Image: Shoveling SnowMichael Glick used a small snow blower to clear the sidewalk at Talman and Wabansia.  (Photo credit: Michael Tercha/Tribune)

Image: Snowy IntersectionA near-deserted intersection at Western and Milwaukee.  (Photo credit: Michael Tercha/Tribune)

Image: Digging Out Behind ArtesianResidents clear an alley behind the 1700 block of Artesian.  (Photo credit: John J. Kim/Sun-Times) 

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Ask the Alderman
With the February 22 municipal election just around the corner, the WBNA asked 1st Ward Alderman Joe Moreno to weigh in with his thoughts on why he deserves your vote:

Image: Alderman MorenoAs Alderman, I will always look for community-based solutions to solve our biggest challenges. I pledge to remain a strong and independent advocate for the people of the 1st Ward in the Chicago City Council.

Since taking office, I’ve increased my accessibility by establishing weekend Satellite Offices at a variety of 1st Ward locations, as well as Tuesday Ward Night office hours. I visit our senior homes and schools weekly, and my e-Newsletter regularly goes out to thousands of 1st Ward residents.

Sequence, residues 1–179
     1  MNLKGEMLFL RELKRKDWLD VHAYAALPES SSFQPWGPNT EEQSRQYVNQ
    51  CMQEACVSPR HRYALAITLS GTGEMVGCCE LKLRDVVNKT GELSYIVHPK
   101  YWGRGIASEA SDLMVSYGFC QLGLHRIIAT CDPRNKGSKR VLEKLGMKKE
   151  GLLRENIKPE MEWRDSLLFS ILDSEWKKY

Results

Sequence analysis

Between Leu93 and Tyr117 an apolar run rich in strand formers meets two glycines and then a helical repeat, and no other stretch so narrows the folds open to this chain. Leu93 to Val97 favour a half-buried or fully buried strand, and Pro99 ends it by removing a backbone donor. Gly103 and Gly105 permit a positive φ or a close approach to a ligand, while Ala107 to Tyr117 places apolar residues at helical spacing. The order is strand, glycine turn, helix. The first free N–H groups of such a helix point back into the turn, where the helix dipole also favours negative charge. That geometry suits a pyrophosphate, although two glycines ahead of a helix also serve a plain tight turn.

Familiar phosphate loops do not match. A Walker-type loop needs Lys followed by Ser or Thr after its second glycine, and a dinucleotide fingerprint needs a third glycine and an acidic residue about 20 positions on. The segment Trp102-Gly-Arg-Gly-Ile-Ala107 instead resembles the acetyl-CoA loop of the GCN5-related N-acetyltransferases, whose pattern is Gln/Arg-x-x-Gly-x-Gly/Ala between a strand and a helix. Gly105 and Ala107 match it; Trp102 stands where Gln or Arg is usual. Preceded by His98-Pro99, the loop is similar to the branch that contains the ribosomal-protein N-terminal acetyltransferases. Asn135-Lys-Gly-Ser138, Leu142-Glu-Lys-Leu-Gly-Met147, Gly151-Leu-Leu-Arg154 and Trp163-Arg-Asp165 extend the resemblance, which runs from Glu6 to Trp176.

I will make sure our neighborhoods are clean and safe by ensuring that absentee owners are held responsible for their property. Since becoming Alderman, I’ve paid for additional graffiti removal, vacant lot maintenance, snow shoveling, and a first-of-its-kind street-sweeping text alert system.

Over the next four years, I will continue to innovate and respond to our needs. I will primarily focus on economic development, job creation, and public safety.  It was recently announced that I would be a member of the new Jobs & Growth City Council Caucus, and I fully intend to put all my energy into making the 1st Ward the best example of a thriving and diverse urban community.

Safety should be any Alderman’s top responsibility. When incidents occur, I will continue to dedicate the full power of my office to eliminating future problems. I have used and will continue to use the deleterious impact ordinance with problem businesses. I will also continue to go on ride-a-longs with the Police Commanders at least once a month, as well as work with residents to set up phone trees and make our community safer.